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Review

Reviewers divided on Carell movie ‘Dan in Real Life’

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November 1, 2007

I like to review films with all the fairness I can muster, both as a critic and a fan, taking on each movie — no matter how lame — with at least some semblance of hope. However, regarding “Dan in Real Life,” you’ll be hearing more from the latter fella than the former. My critic persona is currently lying bruised in a ditch outside of Woodbury.

After slogging his way through “Evan Almighty” this past summer, Steve Carell continues his cinematic losing streak with this hamfisted dramedy. Carell plays Dan Burns, a popular advice columnist who’s had a mighty hard time raising his three daughters during the four years following his wife’s death. Luckily, the time has come for Dan to pack up his brood and head out for a beachfront get-together with the rest of his family.

Dan’s world gets a bit brighter when he runs into a beauty named Marie (Juliette Binoche) at a bookstore and virtually falls head over heels in love after a few moments of chit-chat — until he returns home to find that she’s his brother’s new girlfriend.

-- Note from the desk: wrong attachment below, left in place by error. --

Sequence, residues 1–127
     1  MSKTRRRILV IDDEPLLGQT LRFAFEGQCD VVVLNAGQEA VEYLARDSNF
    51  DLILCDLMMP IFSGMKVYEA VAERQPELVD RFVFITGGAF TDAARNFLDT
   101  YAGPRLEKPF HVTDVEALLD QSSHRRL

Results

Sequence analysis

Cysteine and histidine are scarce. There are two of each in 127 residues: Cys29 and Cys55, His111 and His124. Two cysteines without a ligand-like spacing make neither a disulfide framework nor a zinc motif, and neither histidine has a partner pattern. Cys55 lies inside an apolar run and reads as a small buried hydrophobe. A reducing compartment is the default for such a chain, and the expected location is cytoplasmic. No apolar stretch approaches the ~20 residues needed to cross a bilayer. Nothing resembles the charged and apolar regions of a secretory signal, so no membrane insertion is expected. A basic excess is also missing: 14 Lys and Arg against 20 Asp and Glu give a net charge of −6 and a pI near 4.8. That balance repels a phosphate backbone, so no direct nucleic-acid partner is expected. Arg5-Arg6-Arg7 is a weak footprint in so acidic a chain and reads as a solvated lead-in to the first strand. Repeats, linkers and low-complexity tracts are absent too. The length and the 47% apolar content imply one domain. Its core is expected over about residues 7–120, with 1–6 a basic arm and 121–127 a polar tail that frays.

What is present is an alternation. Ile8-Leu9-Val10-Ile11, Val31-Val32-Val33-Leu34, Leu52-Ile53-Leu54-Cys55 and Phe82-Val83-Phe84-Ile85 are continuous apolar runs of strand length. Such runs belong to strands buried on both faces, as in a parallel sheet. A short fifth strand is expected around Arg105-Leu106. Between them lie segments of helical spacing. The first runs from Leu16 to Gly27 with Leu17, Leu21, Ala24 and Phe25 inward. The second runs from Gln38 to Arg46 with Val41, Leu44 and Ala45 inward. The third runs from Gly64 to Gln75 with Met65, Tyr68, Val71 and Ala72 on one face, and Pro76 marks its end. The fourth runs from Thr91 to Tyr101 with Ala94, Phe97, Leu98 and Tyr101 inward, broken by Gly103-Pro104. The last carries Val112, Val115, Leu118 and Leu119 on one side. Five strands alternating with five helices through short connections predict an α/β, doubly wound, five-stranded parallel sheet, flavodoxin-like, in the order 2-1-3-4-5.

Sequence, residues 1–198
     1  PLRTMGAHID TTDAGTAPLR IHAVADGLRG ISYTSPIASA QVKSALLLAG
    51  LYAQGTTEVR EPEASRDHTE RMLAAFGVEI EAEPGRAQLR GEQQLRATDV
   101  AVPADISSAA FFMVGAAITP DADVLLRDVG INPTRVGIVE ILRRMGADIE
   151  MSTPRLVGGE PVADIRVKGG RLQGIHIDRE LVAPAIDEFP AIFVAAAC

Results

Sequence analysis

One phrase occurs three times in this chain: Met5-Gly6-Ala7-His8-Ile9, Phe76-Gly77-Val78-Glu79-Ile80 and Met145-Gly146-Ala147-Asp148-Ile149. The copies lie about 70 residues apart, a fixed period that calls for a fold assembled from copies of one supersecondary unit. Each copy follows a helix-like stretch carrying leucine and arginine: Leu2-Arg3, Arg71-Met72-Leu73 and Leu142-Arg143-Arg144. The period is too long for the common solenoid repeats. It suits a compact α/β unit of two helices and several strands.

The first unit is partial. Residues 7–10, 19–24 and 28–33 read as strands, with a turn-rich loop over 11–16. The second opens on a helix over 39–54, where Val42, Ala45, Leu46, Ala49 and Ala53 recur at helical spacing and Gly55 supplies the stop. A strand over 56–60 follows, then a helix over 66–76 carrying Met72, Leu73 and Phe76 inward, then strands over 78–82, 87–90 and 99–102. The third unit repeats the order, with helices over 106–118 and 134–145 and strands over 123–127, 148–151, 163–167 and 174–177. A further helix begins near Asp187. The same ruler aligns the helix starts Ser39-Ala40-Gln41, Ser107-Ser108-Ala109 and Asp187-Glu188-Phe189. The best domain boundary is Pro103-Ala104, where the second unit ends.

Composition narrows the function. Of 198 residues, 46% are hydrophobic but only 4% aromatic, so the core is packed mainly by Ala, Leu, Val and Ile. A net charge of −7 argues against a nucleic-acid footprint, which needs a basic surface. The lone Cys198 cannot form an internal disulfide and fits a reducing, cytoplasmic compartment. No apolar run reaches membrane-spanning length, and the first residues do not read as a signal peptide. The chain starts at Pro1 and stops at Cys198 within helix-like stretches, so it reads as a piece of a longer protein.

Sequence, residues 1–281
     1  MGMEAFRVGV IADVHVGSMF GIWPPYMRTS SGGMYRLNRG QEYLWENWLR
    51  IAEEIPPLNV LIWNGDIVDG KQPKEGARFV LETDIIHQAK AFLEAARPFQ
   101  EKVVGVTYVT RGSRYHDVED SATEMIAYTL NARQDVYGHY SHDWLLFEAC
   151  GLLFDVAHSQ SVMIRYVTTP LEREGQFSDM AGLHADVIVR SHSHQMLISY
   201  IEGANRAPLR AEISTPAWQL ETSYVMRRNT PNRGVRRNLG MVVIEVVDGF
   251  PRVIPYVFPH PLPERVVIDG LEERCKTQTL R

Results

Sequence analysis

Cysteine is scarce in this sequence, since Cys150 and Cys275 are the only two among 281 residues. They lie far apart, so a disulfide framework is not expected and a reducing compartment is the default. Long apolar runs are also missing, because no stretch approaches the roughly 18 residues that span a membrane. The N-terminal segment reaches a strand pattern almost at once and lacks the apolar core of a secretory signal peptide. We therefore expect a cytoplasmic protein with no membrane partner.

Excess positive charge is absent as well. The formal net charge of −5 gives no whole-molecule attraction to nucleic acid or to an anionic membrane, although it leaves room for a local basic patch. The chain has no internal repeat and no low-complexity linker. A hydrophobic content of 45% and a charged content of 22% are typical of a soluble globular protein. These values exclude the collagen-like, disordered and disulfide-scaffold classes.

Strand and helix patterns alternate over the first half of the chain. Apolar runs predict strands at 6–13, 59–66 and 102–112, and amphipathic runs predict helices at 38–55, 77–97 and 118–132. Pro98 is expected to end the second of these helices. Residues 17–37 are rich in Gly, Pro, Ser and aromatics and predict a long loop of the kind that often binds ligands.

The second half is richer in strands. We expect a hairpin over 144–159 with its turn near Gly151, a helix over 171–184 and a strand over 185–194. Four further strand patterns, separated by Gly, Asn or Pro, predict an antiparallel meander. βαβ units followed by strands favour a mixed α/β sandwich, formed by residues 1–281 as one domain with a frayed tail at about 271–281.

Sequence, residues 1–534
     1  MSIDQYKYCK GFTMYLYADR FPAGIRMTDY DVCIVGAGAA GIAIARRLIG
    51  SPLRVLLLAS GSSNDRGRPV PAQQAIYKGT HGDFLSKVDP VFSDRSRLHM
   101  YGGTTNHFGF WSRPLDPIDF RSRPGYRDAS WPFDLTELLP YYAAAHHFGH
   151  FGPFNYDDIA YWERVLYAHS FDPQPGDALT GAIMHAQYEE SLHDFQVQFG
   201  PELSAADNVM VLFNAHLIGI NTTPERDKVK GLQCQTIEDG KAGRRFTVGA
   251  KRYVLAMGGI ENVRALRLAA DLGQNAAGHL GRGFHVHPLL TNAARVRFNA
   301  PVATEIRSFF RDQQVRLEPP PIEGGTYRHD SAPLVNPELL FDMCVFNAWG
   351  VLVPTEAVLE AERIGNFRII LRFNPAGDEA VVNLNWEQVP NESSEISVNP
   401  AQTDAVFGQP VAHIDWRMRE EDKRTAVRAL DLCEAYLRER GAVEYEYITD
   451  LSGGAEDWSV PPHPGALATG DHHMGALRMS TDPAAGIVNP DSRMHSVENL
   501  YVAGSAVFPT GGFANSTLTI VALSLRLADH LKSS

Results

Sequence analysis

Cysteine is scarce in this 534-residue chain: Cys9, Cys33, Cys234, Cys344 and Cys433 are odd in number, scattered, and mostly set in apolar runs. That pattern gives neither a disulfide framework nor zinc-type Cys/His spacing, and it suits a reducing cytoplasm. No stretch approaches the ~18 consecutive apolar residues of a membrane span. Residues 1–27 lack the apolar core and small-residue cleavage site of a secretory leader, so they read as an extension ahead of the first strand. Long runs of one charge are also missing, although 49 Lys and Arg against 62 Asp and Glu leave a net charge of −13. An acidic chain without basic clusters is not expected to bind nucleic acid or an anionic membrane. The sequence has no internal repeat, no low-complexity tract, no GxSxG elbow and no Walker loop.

Although Dan’s hands are already full with a trio of kids who all want a little breathing room, his affection for Marie has him torn between letting sleeping dogs lie and doing something to better himself for once.

It’s ironic that “Dan in Real Life” is titled as such, because a story this soapy could only exist in Hollywood. Movies aren’t supposed to be the pinnacle of realism, but the aura of phony-baloney happiness projected on the screen here is enough to make you vomit.

Although ripe with the potential to deliver some hard-hitting and emotional family interactions, the film offers nauseating distractions such as random exercises in the front yard, crossword puzzle competitions and, in a scene more ghastly than anything “Saw IV” dished out, a family talent show. The Burns clan makes the Brady Bunch look like a bunch of degenerates.

Even if you shove the problems mentioned above to the side, “Dan in Real Life” comes across as a misfired slice of seriocomedy, albeit one probably made with the best of intentions. As always, Carell remains an intensely likable performer who struggles like a champ to earn the audience’s sympathy, despite plot contrivances exploding around him like depth charges.

The lovely Binoche is an actress who’s impossible to make look bad, be it by way of a bad hair day or a lousy script. But, alas, the romantic conflict stems from a wholly unconvincing “meet cute” scenario, while Dan’s hypocritical daughters are veritable slaves to screenplay, acting as spiteful as can be one moment and being sugary-sweet whenever the story demands them to be happy.

I’m not saying a tale like “Dan in Real Life” could never work, for look at all the other comedic dramas out there that have managed to balance laughs and life lessons just fine. But instead of solving its characters’ various neuroses, “Dan in Real Life” inspires a set of new ones for its viewers. If Woody Allen had a grave, he’d be spinning in it right now.

A.J. Hakari is a student at UW-River Falls.